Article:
Bloomberg Law’s® extensive network of reporters and editors helps subscribers to stay ahead of legal
Police could track a fugitive’s real-time mobile phone location without a warrant for seven hours, the Sixth Circuit held June 5 ( United States v. Riley , 2017 BL 187987, 6th Cir., No. 16-6149, 6/5/17 ).
Courts across the country have been evaluating law enforcement’s use of mobile phone location data.
This case required the U.S. Court of Appeals for the Sixth Circuit to build on one if its previous cases in this area, United States v. Skinner. The court, in that decision, approved three days of warrantless phone tracking of a suspect’s public movements.
In the case of fugitive Montai Riley, the marshals got a court order to help find him.
It required Riley’s service provider to give the marshals his mobile phone GPS coordinates in real-time. The GPS led the marshals to a Memphis motel, where a clerk gave them Riley’s room number.
The phone GPS only revealed what the marshals could’ve otherwise seen in public, the Sixth Circuit said in rejecting Riley’s argument that a warrant was needed. Court orders require less proof than warrants.
The marshals got Riley’s room number from the clerk, not his phone GPS, the court said in affirming the denial of his motion to suppress.
And Riley’s phone was tracked for about seven hours, less than the three-day tracking approved in Skinner, the court said.
The unsigned opinion was issued by the three judge panel of Senior Judge Danny J. Boggs, Judge John M. Rogers, and Judge Deborah L. Cook. Boggs wrote a separate concurring opinion.
The Clairborne Ferguson Law Firm, P.A., Memphis, Tenn. represented Riley. The U.S. Attorney’s Office for the Western District of Tennessee, Memphis, Tenn. represented the government.
To contact the reporter on this story: Jordan S. Rubin in Washington at email@example.com
To contact the editor responsible for this story: C. Reilly Larson at firstname.lastname@example.org
Copyright © 2017 The Bureau of National Affairs, Inc. All Rights Reserved.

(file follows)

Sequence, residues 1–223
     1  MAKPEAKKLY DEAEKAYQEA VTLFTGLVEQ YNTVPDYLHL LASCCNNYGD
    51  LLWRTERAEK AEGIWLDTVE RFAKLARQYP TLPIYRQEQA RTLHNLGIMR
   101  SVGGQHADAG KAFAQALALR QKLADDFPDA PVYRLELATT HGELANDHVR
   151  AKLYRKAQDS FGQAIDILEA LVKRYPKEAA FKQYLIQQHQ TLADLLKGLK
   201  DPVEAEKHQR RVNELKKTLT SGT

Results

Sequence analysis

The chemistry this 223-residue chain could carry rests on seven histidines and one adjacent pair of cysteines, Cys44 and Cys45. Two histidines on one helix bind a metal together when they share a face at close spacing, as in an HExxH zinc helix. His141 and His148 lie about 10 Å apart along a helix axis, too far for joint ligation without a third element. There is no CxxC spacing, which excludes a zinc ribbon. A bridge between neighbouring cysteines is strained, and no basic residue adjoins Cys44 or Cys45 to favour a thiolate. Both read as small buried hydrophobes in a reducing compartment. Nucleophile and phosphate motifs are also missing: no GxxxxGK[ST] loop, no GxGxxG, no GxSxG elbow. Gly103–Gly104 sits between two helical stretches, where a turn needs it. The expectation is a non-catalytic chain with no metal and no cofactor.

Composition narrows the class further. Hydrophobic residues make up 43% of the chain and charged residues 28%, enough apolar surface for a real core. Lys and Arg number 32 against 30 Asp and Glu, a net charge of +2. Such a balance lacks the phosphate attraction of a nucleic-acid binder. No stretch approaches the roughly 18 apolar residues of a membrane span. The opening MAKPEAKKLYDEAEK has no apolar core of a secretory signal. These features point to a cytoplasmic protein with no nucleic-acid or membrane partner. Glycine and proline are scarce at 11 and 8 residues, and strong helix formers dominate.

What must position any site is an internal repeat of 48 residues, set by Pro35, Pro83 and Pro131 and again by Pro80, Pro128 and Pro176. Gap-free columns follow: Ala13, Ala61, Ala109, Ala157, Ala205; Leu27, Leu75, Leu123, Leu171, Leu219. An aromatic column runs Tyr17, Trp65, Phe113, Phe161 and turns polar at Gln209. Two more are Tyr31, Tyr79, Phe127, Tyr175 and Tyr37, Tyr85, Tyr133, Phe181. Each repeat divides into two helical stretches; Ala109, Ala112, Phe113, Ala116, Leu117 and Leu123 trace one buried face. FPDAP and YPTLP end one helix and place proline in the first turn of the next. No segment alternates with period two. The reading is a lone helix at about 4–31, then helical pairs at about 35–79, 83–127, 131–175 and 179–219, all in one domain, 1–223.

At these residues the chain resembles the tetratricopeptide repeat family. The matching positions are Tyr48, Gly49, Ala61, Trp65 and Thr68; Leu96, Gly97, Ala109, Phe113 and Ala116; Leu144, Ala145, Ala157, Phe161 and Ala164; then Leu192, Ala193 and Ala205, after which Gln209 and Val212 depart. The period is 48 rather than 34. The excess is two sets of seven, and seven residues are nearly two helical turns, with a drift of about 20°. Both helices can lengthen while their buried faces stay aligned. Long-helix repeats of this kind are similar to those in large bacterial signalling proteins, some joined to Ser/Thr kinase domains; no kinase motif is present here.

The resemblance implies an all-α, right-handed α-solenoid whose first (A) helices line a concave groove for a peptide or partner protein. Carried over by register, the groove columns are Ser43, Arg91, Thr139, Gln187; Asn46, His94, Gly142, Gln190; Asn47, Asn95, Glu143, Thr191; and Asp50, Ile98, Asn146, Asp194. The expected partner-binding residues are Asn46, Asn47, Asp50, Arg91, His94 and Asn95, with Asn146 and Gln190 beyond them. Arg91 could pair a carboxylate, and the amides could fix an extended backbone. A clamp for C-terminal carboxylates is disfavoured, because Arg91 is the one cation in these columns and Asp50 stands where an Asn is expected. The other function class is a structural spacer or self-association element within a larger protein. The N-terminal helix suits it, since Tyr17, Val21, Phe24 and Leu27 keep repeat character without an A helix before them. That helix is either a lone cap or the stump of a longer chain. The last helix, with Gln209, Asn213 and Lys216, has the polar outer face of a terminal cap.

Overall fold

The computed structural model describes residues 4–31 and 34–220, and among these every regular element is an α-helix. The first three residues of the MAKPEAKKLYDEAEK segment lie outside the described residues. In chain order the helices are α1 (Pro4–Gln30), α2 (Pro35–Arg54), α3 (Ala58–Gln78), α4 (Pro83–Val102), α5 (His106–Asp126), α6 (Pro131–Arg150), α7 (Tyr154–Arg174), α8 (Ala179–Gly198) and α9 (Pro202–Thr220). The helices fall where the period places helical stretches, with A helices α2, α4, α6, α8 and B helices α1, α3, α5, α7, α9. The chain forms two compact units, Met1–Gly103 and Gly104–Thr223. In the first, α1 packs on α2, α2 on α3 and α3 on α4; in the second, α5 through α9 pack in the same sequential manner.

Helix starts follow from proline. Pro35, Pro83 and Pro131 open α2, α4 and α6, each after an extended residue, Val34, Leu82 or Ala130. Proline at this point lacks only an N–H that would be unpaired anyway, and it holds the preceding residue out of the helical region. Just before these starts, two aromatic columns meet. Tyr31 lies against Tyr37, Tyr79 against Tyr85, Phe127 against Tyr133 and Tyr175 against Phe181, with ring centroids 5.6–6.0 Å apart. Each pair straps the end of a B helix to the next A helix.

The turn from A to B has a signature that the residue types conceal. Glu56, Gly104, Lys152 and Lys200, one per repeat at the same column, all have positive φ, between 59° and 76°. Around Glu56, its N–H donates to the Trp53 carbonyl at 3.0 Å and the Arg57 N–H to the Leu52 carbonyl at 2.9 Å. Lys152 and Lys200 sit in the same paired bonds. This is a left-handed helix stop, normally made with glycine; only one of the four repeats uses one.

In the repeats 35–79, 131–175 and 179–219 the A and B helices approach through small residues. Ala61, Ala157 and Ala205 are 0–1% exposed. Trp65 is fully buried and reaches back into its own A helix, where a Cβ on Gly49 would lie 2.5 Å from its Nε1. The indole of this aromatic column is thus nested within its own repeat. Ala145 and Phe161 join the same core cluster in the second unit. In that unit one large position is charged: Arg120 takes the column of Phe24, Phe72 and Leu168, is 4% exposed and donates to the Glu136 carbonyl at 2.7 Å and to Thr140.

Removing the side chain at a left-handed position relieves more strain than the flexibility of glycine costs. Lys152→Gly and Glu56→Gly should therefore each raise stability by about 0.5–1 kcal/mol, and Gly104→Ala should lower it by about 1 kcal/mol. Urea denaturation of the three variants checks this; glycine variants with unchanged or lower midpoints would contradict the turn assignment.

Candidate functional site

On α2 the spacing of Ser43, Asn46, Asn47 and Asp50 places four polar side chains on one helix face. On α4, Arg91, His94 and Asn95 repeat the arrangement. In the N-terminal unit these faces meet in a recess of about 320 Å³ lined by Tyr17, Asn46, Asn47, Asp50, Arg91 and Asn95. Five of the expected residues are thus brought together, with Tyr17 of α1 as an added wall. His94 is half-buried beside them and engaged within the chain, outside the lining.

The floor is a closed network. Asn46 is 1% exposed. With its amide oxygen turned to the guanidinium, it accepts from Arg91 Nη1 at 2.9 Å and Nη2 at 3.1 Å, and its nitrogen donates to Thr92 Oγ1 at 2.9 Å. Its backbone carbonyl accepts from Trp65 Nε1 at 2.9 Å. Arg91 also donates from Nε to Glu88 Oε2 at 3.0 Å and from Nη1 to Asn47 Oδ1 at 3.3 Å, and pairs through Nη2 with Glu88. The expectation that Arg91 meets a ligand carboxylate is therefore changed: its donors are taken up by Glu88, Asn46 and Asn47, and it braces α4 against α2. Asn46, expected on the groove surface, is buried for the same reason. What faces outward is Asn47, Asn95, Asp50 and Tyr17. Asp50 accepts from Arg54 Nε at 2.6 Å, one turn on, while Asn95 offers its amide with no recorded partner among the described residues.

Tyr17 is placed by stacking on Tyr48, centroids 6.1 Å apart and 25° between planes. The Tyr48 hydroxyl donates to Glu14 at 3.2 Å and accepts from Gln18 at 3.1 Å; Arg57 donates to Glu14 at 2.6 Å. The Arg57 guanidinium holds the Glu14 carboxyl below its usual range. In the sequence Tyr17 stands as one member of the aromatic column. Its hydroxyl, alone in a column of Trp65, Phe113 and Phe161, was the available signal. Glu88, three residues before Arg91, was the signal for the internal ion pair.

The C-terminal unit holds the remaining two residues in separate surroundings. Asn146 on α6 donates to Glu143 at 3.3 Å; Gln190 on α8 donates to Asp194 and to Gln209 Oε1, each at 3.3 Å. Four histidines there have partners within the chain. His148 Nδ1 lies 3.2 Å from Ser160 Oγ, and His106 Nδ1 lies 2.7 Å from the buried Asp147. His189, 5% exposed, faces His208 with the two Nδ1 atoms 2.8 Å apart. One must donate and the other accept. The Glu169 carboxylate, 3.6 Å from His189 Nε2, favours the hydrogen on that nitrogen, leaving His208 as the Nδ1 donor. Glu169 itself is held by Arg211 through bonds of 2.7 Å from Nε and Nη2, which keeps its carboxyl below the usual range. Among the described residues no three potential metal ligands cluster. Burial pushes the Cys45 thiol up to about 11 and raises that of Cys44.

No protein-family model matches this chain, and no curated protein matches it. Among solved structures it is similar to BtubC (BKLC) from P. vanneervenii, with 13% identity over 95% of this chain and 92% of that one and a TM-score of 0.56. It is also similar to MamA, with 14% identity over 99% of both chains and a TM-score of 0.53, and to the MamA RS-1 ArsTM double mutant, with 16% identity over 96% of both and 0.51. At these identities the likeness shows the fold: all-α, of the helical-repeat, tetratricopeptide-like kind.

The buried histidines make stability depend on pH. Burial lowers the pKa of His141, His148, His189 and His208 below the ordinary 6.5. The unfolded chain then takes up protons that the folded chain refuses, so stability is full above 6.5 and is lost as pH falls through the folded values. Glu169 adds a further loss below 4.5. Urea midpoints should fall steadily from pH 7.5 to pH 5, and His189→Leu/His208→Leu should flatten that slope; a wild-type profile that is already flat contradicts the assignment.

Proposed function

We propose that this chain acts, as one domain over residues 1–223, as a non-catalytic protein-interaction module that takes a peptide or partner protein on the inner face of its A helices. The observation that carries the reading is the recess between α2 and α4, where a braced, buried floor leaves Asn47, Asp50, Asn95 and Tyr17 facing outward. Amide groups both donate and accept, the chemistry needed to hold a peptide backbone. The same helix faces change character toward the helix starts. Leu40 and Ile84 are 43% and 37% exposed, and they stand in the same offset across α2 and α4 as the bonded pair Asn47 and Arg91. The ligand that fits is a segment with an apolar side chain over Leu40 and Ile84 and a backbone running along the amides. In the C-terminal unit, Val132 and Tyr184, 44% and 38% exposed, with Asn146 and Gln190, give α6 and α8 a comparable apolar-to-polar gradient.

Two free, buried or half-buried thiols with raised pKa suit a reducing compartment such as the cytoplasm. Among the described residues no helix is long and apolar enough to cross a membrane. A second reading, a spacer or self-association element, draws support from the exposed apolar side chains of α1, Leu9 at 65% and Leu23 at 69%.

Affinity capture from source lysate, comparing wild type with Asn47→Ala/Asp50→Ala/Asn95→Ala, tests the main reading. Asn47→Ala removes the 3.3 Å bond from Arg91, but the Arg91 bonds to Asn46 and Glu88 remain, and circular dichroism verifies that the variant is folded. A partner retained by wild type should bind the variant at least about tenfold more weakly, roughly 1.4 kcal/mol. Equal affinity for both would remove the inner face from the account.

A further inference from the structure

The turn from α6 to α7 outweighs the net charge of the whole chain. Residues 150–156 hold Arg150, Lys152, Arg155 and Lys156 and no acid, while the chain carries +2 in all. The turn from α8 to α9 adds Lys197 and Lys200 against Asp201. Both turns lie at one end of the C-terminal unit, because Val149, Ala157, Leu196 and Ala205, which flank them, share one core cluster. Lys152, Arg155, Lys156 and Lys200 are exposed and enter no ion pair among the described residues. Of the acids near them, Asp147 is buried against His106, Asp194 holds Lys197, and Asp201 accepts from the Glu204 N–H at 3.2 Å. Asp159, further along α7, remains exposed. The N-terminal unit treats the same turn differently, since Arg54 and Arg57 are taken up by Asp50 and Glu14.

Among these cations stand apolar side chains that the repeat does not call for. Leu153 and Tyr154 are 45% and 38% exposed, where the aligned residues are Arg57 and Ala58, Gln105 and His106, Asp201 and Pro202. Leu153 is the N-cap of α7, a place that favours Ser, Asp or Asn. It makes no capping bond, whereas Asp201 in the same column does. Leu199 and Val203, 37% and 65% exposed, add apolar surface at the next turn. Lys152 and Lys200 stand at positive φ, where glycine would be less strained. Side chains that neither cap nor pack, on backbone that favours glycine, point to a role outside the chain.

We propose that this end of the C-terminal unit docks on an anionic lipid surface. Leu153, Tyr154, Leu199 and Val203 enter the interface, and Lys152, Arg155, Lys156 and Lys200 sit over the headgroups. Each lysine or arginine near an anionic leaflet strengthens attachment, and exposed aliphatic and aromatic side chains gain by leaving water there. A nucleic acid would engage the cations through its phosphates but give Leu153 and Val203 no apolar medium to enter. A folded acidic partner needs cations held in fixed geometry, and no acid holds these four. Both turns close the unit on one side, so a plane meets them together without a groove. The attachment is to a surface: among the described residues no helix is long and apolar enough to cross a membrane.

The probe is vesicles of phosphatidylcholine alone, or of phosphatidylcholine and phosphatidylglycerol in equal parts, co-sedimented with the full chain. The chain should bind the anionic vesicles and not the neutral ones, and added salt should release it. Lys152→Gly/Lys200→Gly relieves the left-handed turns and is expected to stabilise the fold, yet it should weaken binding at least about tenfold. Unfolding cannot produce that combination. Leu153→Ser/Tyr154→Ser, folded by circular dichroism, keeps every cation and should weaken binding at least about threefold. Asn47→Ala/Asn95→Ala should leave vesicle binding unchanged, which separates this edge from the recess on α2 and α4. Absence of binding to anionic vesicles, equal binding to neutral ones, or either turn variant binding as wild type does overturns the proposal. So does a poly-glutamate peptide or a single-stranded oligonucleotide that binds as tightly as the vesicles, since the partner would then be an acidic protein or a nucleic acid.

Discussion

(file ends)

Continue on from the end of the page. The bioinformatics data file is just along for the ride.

All Bloomberg BNA treatises are available on standing order, which ensures you will always receive the most current edition of the book or supplement of the title you have ordered from Bloomberg BNA’s book division. As soon as a new supplement or edition is published (usually annually) for a title you’ve previously purchased and requested to be placed on standing order, we’ll ship it to you to review for 30 days without any obligation. During this period, you can either (a) honor the invoice and receive a 5% discount (in addition to any other discounts you may qualify for) off the then-current price of the update, plus shipping and handling or (b) return the book(s), in which case, your invoice will be cancelled upon receipt of the book(s). Call us for a prepaid UPS label for your return. It’s as simple and easy as that. Most importantly, standing orders mean you will never have to worry about the timeliness of the information you’re relying on. And, you may discontinue standing orders at any time by contacting us at 1.800.960.1220 or by sending an email to email@example.com.
Put me on standing order at a 5% discount off list price of all future updates, in addition to any other discounts I may quality for. (Returnable within 30 days.)
Notify me when updates are available (No standing order will be created).
This Bloomberg BNA report is available on standing order, which ensures you will all receive the latest edition. This report is updated annually and we will send you the latest edition once it has been published. By signing up for standing order you will never have to worry about the timeliness of the information you need. And, you may discontinue standing orders at any time by contacting us at 1.800.372.1033, option 5, or by sending us an email to firstname.lastname@example.org.
Put me on standing order
Notify me when new releases are available (no standing order will be created)